Armenia supports ethnic armenian secessionists in nagorno-karabakh and since the early 1990s, has militarily occupied 16% of azerbaijan - organization for security and cooperation in europe (osce) continues to mediate dispute; over 800,000 mostly ethnic azerbaijanis were driven from the occupied lands and armenia; about 230,000 ethnic armenians were driven from their homes in azerbaijan into armenia and nagorno-karabakh; azerbaijan seeks transit route through armenia to connect to naxcivan exclave; border with turkey remains closed over nagorno-karabakh dispute; ethnic armenian groups in javakheti region of georgia seek greater autonomy; armenians continue to emigrate, primarily to russia, seeking employment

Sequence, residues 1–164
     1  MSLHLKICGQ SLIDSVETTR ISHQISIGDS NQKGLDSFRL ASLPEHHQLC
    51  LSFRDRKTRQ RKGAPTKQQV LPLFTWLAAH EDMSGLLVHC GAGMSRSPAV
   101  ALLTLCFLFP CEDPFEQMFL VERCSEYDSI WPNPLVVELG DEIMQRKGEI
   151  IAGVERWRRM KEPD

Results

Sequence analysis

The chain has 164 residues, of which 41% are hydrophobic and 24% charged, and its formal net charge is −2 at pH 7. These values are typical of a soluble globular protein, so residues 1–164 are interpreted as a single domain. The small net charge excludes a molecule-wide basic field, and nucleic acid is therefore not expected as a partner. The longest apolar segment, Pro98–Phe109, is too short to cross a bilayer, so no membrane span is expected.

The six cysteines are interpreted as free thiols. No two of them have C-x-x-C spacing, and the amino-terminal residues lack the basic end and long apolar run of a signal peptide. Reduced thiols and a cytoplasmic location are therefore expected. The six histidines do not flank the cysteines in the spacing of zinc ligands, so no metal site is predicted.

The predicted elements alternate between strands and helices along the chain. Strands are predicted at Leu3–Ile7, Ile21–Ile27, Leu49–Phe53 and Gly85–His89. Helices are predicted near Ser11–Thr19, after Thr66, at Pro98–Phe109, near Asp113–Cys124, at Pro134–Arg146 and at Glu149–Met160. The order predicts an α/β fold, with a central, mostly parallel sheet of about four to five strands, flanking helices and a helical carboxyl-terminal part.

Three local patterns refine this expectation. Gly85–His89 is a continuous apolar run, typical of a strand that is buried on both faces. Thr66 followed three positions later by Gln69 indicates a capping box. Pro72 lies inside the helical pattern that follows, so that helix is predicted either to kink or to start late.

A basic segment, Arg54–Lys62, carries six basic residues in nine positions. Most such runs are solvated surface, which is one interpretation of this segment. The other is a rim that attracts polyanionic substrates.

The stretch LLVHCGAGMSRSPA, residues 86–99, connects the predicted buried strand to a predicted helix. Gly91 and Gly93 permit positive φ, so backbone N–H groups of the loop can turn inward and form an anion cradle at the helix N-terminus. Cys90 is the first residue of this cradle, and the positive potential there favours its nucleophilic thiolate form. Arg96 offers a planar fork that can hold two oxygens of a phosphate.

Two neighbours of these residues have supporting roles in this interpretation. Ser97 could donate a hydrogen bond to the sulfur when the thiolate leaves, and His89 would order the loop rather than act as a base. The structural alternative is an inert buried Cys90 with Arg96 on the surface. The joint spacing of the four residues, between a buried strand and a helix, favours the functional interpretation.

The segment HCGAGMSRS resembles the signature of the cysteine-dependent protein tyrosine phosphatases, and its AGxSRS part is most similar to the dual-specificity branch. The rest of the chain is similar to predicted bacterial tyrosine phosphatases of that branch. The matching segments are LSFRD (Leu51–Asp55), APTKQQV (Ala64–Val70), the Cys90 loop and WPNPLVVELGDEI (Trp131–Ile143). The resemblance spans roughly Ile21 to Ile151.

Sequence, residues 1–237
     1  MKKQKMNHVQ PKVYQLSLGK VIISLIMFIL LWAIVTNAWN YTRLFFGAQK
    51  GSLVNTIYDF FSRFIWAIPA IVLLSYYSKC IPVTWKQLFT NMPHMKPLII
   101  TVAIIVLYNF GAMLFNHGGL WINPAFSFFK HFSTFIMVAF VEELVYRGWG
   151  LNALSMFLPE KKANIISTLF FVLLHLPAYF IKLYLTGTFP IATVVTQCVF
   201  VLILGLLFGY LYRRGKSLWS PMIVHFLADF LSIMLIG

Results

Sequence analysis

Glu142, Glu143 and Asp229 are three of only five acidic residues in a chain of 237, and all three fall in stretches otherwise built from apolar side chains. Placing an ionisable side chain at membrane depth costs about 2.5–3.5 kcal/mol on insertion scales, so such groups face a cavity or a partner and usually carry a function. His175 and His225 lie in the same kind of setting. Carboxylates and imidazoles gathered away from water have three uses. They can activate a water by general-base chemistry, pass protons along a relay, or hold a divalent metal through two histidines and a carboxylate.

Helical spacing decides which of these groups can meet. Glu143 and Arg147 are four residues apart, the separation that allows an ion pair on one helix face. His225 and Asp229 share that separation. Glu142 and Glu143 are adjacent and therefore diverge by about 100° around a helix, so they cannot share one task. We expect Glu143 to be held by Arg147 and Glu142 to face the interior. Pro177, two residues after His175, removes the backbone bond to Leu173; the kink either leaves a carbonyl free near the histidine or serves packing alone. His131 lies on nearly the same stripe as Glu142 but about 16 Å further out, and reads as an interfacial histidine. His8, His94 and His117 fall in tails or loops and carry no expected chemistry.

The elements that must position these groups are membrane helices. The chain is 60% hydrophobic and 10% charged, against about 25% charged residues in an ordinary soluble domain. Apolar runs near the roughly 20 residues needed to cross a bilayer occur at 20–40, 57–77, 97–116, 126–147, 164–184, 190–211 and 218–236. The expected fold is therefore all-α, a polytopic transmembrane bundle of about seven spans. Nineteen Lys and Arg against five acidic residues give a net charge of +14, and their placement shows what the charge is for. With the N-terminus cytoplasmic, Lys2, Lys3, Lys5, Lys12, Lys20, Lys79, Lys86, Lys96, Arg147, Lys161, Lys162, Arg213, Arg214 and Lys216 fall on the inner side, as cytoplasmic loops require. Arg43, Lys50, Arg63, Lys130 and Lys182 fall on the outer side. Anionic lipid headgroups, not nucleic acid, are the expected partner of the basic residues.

Sources: Central Intelligence Agency (CIA)